Study Shows Driving Both High and Drunk More Dangerous Than Either Alone
We all know that drunken driving is dangerous and like wise consumption of pot or illicit drugs also dangerous for life. A new research study shows that mixing alcohol to pot and driving after the consumption of the mix makes matter worse.
Use of alcohol with marijuana makes drivers more impaired, causing even more lane weaving.
Alcohol consumption alone typically makes driver lose sense and end up in losing track or might crash. If the person has higher level of blood alcohol, one could expect worse in driving. Use of such illicit drugs and/ or misuse of prescription drugs make driving a vehicle unsafe. Drugged driving puts not just driver, also passengers, other vehicles on road and others who share roads at risk too.
It is also known fact that consumption of marijuana before or while driving will make driver slow down. Slowing does not mean that it is safety. It means person is under influence “high” and will have tough time to focus on lane and just like alcohol drinking and driving, makes it worst for the driver.
What effect drugs will have on brain? Marijuana can slow reaction time, impair judgment of time and distance, and decrease coordination. Drivers who have used cocaine or methamphetamine can be aggressive and reckless when driving. Certain kinds of prescription medicines, including benzodiazepines and opioids, can cause drowsiness, dizziness, and impair cognitive functioning (thinking and judgment). All of these effects can lead to vehicle crashes.
A recent study conducted at University of Calgary, Alberta, Canada revealed that the combination of alcohol and marijuana diminishes driving skill even more than the drug or alcohol alone.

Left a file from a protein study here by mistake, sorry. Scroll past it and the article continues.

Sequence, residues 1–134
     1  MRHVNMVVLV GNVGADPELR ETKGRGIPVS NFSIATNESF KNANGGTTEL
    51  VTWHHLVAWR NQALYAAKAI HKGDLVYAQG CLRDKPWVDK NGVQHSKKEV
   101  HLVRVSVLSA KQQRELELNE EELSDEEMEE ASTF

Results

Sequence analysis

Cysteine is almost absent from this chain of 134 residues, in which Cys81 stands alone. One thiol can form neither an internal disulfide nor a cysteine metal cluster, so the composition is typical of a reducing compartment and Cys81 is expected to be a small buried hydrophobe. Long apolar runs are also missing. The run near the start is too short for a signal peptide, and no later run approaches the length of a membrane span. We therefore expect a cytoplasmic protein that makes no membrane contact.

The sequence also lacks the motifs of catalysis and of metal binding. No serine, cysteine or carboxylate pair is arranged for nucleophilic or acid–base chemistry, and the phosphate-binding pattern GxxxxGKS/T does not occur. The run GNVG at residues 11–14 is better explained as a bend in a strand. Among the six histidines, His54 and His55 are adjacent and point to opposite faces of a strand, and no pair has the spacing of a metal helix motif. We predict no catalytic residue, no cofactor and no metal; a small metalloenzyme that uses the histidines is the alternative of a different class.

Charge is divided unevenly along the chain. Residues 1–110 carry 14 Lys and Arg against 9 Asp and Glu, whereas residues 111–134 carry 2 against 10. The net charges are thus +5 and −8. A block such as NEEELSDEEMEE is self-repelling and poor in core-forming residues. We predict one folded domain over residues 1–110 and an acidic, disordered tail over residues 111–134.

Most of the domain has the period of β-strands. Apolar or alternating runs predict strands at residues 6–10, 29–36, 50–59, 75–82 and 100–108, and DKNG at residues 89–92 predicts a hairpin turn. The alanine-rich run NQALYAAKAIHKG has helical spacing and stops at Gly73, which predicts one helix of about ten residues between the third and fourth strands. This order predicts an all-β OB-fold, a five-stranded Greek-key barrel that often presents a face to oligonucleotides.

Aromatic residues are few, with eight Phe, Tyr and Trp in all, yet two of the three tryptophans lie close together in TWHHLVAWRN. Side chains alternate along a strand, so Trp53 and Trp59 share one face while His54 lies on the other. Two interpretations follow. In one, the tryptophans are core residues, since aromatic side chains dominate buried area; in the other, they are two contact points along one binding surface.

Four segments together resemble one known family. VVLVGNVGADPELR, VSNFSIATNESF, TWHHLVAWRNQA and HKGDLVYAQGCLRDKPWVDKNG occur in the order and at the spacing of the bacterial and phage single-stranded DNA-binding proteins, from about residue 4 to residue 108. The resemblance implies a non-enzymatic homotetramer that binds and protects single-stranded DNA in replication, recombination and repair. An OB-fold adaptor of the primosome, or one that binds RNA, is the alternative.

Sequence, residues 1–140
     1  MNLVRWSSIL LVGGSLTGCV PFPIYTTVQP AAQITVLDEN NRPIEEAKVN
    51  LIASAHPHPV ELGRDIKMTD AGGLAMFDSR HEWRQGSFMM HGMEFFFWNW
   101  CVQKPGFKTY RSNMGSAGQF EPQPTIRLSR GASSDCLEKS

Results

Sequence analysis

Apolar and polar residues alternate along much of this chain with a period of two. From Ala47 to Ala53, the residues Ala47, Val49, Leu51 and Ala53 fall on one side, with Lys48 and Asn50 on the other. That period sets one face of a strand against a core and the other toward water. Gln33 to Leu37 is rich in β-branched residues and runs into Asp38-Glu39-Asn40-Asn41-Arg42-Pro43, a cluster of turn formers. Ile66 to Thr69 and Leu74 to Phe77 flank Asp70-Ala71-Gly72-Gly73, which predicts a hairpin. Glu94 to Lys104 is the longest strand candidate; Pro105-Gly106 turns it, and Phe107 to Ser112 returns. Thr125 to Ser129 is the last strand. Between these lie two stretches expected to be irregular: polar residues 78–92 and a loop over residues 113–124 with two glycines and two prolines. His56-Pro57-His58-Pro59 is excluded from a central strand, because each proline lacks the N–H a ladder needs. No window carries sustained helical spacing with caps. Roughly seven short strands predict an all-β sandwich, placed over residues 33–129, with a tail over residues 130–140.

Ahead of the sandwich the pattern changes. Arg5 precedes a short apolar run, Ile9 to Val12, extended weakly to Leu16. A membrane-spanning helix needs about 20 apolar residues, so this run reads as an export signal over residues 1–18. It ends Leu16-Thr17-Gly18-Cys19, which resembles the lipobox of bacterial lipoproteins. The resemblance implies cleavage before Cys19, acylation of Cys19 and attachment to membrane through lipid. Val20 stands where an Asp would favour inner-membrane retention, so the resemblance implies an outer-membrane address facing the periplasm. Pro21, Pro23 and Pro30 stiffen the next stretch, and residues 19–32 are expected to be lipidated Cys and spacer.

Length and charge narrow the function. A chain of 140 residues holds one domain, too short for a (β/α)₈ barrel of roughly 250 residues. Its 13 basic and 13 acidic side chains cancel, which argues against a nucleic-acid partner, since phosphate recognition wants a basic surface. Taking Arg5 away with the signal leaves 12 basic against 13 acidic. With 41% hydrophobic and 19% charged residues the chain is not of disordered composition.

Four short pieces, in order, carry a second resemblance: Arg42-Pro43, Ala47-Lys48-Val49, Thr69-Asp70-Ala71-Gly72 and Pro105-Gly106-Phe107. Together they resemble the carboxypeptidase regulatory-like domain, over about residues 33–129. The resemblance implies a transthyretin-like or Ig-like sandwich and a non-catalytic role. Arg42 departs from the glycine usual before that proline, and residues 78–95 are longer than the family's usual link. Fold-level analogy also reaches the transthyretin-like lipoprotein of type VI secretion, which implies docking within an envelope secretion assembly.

It is important to understand why this combination of drug and alcohol has such a huge impact on driving? According to researcher Sarah Simmons, (together Traffic injury Research Foundation in Ottawa, Ontario Canada), many people drink and use marijuana.
There is a popular notion that consuming pot makes a person better driver because people who are on influence “high” are aware of it and they try to compensate by slowing down or increasing the following distance behind other vehicles. As per data, people did tend to slow driving speed under marijuana influence. Despite slowing, these drivers had hard time with drifting side-to-side.
This study also throws water on another popular notion ‘the opposing effects of marijuana and alcohol on driving speed might ‘cancel each other out’! – The analysis by Simmons showed that there is no evidence for this theory and moreover, it further clarifies that the two substances when combined and taken, will worsen drivers ability to stay in lane and impairs judgment.
Healthy volunteers without substance abuse disorders took part in the study. Their driving skills assessed in simulators or closed courses before and after giving fixed amount of marijuana, alcohol, or both.
The questions that are still open are:
Whether different forms of cannabis – like edibles would have similar effect?
Whether results would be the same in people who use cannabis chronically and heavily?
Pat Aussem, Associate Vice President of consumer clinical content development for the nonprofit Partnership to End Addiction says, “there are many factors to consider when it comes to how cannabis can affect driving”. The active ingredient in cannabis is THC (tetrahydrocannabinol). The potency of this ingredient in cannabis is one. A person’s tolerance depends on the amount of time that has passed since using the drug. And substance becomes high very quick by smoking or vaping the cannabis than consuming it as edibles.
There is a growing number of populations that may be driving with THC in system. One of the reasons could be in Canada (where this study was conducted), cannabis is legalized in 2018 and more drivers injured in crashes are testing positive for the drug since. This number is about 18% when compared to 9% previous year. Similar pattern has been seen in US states where marijuana is legalized. It is important to monitor the drivers and levels of active ingredients.
Responding to the study, Dr. Nora Volkow, Director of the US National Institute on Drub abuse said that “ It is crucial that we understand the impact of legalization on addiction and range of other health outcomes, including driving accidents.
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Author: Sumana Rao | Posted on: February 2, 2022
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